MacKillop Catholic College Houses
There are four houses at MacKillop, each named after a person of significance to our College. These are McGrath (Blue), McCormack (Red), Hurley (Gold) and Confalonieri (Green).
McGrath House – Father John McGrath
The Tiwi islands missionary who gave the first warning of the bombing of Darwin
Father John McGrath moved from his hometown in central NSW to work with the Missionaries of the Sacred Heart on Bathurst Island. Remaining in the Tiwi Islands for several decades, he became fluent in the local language.
On 19 February 1942 Fr McGrath radioed in a warning of an incoming formation of Japanese aircraft, with the message “An unusually large air formation bearing down on us from the northwest”. Although this warning was reported to the RAAF base, it was mostly ignored by authorities, who assumed it was an expected return of American aircraft. About an hour later 235 people were dead. This was the first bombing raid on Darwin. Even amid the fear of a Japanese invasion, Fr McGrath remained on the island. By the time he was finally transferred back to NSW in 1948, Fr John McGrath had come to be known as the “Apostle to the Tiwis”. His life of dedication and service was marked with a traditional “Pukamuni” burial ceremony on Bathurst Island, that lay him to rest among the people he loved.
McCormack House – Sister Irene McCormack
An Australian nun who was executed by communists for helping the disadvantaged in Peru
Sr Irene McCormack grew up a vibrant, determined and fun-loving child on a farm outside of Perth. From the age of fifteen she dedicated herself to serving the community and worked tirelessly as a teacher and school principal with the support of the Sisters of St Joseph (founded by Mary MacKillop). In pursuit of wider service, Sr Irene found herself in the Andes Mountains, Peru, supervising the distribution of Caritas emergency goods. On 21 May 1991, a communist terrorist group attacked her village. They forced the townspeople to watch as Sr Irene and four local men were put on trial for spreading “American food” and “American ideas” (Caritas food and school books). They were all sentenced to death. As a group of children rushed to save her, a communist soldier shot each of the five in the back of the head. Sister Irene was killed first, a true martyr.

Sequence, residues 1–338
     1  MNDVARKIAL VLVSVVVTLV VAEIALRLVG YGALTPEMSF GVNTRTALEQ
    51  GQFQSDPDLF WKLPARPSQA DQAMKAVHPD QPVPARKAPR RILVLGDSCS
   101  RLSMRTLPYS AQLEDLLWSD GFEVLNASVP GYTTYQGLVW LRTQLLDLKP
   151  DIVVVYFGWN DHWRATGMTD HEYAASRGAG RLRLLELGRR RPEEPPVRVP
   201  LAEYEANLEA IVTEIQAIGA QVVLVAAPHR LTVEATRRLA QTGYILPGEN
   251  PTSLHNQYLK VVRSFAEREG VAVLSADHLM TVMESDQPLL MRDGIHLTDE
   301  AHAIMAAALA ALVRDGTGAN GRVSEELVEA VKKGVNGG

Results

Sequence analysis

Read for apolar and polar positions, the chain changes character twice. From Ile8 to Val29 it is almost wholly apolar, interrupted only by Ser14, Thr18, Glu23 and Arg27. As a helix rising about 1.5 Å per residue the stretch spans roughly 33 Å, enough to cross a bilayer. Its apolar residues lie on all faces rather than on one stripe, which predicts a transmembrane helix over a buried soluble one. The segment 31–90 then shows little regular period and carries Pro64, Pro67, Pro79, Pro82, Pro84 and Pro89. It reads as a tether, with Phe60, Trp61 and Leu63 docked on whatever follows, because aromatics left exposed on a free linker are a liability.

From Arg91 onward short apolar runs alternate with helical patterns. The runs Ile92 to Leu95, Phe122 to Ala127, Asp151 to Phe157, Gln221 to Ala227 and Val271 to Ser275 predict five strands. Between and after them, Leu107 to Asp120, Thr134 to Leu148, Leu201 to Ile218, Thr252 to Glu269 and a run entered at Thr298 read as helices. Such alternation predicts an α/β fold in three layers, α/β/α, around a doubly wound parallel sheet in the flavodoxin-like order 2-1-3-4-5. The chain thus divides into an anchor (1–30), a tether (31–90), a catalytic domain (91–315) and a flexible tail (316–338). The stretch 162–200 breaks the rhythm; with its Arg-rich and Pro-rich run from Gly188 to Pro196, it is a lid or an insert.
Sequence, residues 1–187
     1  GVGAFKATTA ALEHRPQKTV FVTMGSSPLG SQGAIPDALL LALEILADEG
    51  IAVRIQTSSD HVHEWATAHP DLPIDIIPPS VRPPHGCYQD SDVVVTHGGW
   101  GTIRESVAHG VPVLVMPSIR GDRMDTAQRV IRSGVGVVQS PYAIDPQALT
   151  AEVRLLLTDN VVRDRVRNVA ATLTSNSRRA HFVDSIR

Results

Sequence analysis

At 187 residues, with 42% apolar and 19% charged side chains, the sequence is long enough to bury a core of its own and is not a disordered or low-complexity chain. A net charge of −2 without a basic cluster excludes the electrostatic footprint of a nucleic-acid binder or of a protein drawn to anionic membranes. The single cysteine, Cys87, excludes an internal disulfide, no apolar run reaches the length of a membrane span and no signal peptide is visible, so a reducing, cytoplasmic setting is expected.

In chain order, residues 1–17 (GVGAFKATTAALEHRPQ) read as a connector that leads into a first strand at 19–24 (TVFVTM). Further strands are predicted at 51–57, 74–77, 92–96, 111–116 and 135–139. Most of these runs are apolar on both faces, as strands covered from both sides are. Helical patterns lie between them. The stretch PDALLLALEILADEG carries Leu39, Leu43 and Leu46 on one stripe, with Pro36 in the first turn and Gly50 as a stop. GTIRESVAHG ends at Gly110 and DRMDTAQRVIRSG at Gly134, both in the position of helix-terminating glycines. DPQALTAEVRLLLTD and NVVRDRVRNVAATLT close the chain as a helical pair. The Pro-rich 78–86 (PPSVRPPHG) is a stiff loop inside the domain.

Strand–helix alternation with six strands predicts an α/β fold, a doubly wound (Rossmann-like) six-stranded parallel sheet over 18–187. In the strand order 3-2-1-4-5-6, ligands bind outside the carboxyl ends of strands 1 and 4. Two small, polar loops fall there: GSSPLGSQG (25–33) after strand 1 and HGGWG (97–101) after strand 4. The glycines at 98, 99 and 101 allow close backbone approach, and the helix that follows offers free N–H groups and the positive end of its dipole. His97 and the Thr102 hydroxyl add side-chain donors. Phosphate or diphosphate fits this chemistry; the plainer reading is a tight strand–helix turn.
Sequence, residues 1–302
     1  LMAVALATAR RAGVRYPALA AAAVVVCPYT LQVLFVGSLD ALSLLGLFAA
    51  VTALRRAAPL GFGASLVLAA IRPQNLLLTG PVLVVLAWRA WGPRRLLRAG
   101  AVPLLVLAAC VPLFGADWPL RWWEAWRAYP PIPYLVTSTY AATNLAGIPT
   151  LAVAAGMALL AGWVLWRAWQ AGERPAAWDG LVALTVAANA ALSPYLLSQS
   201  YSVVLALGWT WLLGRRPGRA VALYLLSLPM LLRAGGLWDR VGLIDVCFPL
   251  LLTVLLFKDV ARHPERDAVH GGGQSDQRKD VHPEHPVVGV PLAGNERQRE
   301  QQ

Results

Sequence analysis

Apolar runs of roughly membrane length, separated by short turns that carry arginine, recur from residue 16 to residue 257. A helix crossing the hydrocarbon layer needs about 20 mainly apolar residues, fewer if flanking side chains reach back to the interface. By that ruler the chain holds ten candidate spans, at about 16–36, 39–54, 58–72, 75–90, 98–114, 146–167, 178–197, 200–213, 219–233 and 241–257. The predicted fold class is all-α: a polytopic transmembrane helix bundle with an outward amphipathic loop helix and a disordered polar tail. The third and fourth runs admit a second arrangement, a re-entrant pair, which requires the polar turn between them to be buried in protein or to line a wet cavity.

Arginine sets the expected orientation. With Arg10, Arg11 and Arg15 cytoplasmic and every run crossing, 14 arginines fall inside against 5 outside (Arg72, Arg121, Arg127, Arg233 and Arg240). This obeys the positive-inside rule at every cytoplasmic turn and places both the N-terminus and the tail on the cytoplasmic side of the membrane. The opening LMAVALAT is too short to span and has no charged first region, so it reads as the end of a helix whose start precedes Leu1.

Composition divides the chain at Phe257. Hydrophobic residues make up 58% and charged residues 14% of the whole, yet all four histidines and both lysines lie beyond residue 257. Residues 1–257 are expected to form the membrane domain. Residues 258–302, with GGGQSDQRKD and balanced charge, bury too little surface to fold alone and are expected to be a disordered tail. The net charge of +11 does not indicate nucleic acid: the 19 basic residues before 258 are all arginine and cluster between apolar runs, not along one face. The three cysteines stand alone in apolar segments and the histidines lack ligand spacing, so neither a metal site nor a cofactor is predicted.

Hurley House – Bishop Emeritus Eugene Hurley
An inspirational former leader of the Church in the Northern Territory
His Excellency Bishop Daniel Eugene Hurley DD illustrates to all of us what a deep level of commitment really looks like. He served as a Priest in the Diocese of Port Pirie for 43 consecutive years. During this time Bishop Eugene obtained degrees in Counselling and a Masters of Education. He also played A grade cricket and AFL whilst being a passionate sports supporter. Since being ordained, Bishop Hurley has been a strong advocate for the humane treatment of refugees in detention. In 2007, he was installed in Darwin. Bishop Eugene is renowned for his work in social justice advocacy, with a strong focus on Indigenous Australians. He is strong, outspoken and supportive. He has also demonstrated courage by speaking out on the contentious issues. Bishop Hurley remains a part of the MacKillop community through his patronage of the MacKillop Saints Sporting Association.
Confalonieri House – Don Angelo Confalonieri
A shipwreck survivor who dedicated his later years to understanding Indigenous language and culture
Don Angelo Confalonieri overcame poor health as a child in Northern Italy to become a priest and missionary. Filled with determination, he put himself through rigorous training in the mountains; undergoing extreme tests of endurance, climate and fasting. During his training in Rome, Don Angelo took a special interest in the Oceania region, studying English and French. He eventually became the first Bishop of Perth, WA.
On 24 April 1846, he and two catechists, James Fagan and Nicholas Hogan, were aboard the trading vessel Heroine which was travelling to the far north from Sydney. Although the missionaries’ ultimate destination wasn’t clear, the vessel was carrying supplies for the Port Essington military base. The Heroine capsized on a reef off the coast of Cape York, Qld. The survivors, including Don Angelo, were picked up by another ship and taken to Port Essington on the Coburg Peninsula. As Northern Ausralia’s first Catholic Missionary, Don Angelo spent the next two years living with the Iwaidja People, quickly learning the local language. Within two years of living he had completed two phrasebooks of the language and translated prayers into Iwaidja. He was given the name nagoyo (father) and was possibly the first European to receive this gesture of recognition. Don Angelo quickly succumbed to malaria and died on the evening of 9 June 1848. He was 35 years old. He remains buried at Port Essington.
Honourable Mentions of other College Patrons
Father Gerry Remie, after whom our library is named, was another figure of significance in the history of our Parish and College. More information on him can be found on our Library page.
There is more information on our College namesake, Saint Mary MacKillop, on our Heritage page.